git clone https://github.com/sigp/lighthouse.git
- Change into the Lighthouse directory with
- Build Lighthouse by typing
This will take up to an hour. If the installation was successful you should be able to run the
lighthouse --help command.
- Move the Lighthouse executable file to the usr/local/bin folder with
sudo mv ~/lighthouse/target/release/lighthouse /usr/local/bin
In order to use the Lighthouse client you need to run the Ethereum blockchain. I use the Geth client in this Tutorial.
To do this you need to install Go first.
-Create and change into a download folder by typing
mkdir ~/download && cd ~/download
- Install the latest GO ARM version. As of 1st July 2020 it is
sudo wget https://dl.google.com/go/go1.14.4.linux-arm64.tar.gz.
- You can check latest version on gaoling.org
- Extract the file to the local folder so it can be executed by typing
sudo tar -C /usr/local -xvf go1.14.4.linux-arm64.tar.gz
- Change owner to root, and change permissions
sudo chown root:root /usr/local/goand
sudo chmod 755 /usr/local/go
- Set environment variables by editing the /etc/profile file and add the bold line at the end:
sudo vi /etc/profileexport PATH=$PATH:/usr/local/go/bin
- Finally reboot with
sudo rebootand try if all works well with
Install Geth (Ethereum blockchain)
- Download Geth from Github with
git clone https://github.com/ethereum/go-ethereum.git
- Change into the go-ethereum folder with
cd go-ethereumand type
maketo build Geth.
- Move the Geth executable file into the usr/local/bin folder with
sudo mv ~/go-ethereum/build/bin/geth /usr/local/bin
- Try if everything worked with
Start Geth using a Service to keep process running in the background
In order to keep Geth running after you closed a window or SSH session you will need to create a Service (systemd). See this great tutorial for more info
- Create an empty "geth.service" file in etc/systemd/system by typing
sudo vi /etc/systemd/system/geth.service
- Press i to edit and copy paste the following:
[Unit] Description=Geth Node After=network.target Wants=network.target [Service] WorkingDirectory=/home/tarek ExecStart=/usr/local/bin/geth --goerli --rpc --cache 512 --port 30303 --datadir /mnt/ssd/ethereum User=ethereum Group=ethereum Restart=always RestartSec=5s [Install] WantedBy=multi-user.target Alias=geth.service
- This basically says: "Use the user with name and group ethereum,run the Geth client as a service in fast sync mode and save the data to my external SSD drive"
- More details about Geth parameters can be found here
- Now you need to create a user called ethereum (or any other name you like. The reason you want to create a different user is because it is recommended that a Service user shouldn't be able to login to the server via SSH.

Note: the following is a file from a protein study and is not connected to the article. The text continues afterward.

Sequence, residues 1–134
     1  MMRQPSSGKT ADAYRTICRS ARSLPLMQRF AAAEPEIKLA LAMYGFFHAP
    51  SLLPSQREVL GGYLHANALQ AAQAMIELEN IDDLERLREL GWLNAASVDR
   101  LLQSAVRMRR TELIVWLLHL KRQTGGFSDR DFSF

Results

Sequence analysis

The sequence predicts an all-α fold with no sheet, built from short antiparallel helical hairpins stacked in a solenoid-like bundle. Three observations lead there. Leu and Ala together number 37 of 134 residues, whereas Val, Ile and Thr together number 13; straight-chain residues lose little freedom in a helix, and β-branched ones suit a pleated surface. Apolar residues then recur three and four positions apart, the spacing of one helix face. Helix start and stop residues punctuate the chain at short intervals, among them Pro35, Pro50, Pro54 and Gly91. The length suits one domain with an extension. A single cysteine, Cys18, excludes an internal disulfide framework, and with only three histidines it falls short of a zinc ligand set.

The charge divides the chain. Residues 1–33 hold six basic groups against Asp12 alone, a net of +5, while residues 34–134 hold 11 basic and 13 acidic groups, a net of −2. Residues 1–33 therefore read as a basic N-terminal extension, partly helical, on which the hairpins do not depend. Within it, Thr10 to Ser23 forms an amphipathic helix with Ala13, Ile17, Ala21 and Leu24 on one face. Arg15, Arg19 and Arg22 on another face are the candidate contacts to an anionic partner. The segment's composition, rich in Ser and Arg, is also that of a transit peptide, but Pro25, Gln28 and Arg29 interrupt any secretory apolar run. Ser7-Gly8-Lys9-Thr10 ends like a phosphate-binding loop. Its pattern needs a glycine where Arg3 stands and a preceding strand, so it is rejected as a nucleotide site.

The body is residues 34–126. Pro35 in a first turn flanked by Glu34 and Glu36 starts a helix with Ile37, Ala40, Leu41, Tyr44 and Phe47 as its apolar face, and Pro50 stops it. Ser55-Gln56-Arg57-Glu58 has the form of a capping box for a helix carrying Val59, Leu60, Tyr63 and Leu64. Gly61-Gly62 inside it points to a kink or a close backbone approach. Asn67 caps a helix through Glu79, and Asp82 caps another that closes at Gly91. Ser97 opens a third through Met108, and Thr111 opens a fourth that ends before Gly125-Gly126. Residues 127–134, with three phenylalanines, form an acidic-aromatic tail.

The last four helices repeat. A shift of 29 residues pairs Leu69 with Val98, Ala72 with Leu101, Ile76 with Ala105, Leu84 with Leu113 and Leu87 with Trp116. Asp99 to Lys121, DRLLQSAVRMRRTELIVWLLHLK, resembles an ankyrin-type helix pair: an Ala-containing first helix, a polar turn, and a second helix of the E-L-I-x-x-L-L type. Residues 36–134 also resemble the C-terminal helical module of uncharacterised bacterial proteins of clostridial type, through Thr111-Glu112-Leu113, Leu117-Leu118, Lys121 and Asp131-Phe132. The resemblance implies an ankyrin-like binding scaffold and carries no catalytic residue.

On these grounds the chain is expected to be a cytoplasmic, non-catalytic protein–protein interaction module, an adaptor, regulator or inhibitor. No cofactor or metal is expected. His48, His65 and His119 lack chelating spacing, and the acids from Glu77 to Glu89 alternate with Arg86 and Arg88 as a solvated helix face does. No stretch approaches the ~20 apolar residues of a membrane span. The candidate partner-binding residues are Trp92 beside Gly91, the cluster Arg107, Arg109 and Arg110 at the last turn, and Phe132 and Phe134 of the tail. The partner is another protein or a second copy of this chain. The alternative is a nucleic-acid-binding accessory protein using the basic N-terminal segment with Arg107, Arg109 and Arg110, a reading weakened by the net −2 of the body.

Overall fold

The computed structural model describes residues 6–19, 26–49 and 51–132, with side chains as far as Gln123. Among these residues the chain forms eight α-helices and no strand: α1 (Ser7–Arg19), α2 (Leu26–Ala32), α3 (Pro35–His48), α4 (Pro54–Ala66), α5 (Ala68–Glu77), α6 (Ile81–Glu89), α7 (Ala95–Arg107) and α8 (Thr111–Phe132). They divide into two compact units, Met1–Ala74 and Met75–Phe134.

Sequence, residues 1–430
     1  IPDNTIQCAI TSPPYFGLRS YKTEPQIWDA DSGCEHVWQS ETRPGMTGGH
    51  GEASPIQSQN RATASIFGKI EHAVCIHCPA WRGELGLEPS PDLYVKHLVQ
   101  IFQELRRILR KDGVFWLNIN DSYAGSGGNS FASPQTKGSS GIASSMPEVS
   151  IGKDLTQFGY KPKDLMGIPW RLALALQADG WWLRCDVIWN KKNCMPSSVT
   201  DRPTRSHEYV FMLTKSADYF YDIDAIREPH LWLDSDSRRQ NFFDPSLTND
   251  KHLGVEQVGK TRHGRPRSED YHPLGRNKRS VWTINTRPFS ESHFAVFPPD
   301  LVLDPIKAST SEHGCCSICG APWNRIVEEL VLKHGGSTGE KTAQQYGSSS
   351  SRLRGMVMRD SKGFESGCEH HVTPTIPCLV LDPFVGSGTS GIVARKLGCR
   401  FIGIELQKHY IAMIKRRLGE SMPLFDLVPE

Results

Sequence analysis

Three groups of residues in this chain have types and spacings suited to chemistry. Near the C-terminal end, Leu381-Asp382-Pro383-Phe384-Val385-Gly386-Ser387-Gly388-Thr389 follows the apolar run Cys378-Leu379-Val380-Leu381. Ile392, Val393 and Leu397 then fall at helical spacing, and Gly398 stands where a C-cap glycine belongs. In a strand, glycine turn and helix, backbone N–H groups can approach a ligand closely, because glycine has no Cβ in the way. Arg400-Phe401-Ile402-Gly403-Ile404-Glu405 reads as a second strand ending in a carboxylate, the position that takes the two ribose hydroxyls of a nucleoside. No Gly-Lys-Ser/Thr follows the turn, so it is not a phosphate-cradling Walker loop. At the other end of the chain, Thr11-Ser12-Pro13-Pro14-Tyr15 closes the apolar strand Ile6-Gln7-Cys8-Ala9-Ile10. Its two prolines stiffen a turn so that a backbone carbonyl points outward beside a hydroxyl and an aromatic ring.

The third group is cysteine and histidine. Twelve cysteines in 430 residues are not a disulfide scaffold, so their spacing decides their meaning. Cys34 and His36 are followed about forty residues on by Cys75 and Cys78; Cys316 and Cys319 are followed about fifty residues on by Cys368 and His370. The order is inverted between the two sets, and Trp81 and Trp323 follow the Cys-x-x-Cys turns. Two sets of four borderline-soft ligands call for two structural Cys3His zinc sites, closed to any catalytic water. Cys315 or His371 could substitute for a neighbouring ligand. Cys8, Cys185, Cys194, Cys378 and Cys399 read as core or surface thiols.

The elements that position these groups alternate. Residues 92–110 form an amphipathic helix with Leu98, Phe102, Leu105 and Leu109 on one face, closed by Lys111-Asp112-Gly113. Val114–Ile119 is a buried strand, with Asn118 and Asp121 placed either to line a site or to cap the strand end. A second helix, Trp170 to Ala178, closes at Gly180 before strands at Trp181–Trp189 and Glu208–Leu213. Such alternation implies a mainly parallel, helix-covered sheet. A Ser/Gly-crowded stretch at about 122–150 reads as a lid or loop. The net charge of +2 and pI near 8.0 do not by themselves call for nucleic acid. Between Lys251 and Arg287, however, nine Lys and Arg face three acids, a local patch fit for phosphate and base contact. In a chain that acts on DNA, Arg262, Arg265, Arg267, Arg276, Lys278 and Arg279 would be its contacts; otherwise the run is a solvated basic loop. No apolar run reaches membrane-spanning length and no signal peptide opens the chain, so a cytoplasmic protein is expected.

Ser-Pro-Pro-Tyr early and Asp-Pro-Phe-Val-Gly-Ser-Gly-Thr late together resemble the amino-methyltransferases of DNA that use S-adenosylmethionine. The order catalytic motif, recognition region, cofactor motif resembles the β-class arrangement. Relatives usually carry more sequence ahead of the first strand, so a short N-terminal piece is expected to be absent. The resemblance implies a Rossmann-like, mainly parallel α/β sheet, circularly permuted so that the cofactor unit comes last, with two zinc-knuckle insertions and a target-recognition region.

- To create a service user (I called it ethereum) and type the following.
sudo useradd --no-create-home --shell /bin/false ethereum
- Next create a folder on the SSD drive for the Geth data to be stored. Type
sudo mkdir -p /mnt/ssd/ethereum
- Give the new user access to write data on the SSD with
sudo chown -R ethereum:ethereum /mnt/ssd/ethereum
- Finally reload and start the service by typing
sudo systemctl daemon-reloadfollowed by
sudo systemctl start geth
Start Beacon-Chain using a Service to keep process running in the background
In order to keep beacon-chain running after you closed a window or SSH session you will need to create a Service (systemd). See this great tutorial for more info
- Create an empty "beacon.service" file in etc/systemd/system by typing
sudo vi /etc/systemd/system/beacon.service
- Press i to edit and copy paste the following:
[Unit] Description=beacon-chain After=network.target Wants=network.target [Service] WorkingDirectory=/home/tarek ExecStart=/usr/local/bin/lighthouse beacon --eth1 --http --datadir /mnt/ssd/beacon User=beacon Group=beacon Restart=always RestartSec=5s [Install] WantedBy=multi-user.target Alias=beacon.service
This basically says: "Use the user with name and group beacon and run the beacon-chain as a service with eth1 and http flag to run a validator and save the data to my external SSD drive"
More details about beacon-chain parameters can be found here
Now you need to create a user called beacon (or any other name you like. The reason you want to create a different user is because it is recommended that a Service user shouldn't be able to login to the server via SSH.
To create a service user (I called it beacon) and type the following.
sudo useradd --no-create-home --shell /bin/false beacon
Next create a folder on the SSD drive for the Geth data to be stored. Type
sudo mkdir -p /mnt/ssd/beacon
Give the new user access to write data on the SSD with
sudo chown -R beacon:beacon /mnt/ssd/beacon
Finally reload and start the service by typing
sudo systemctl daemon-reloadfollowed by
sudo systemctl start beacon
Create a Wallet to get your mnemonic and public key and start the validator
The manual of Lighthouse explains this very well. Check these last steps on their website.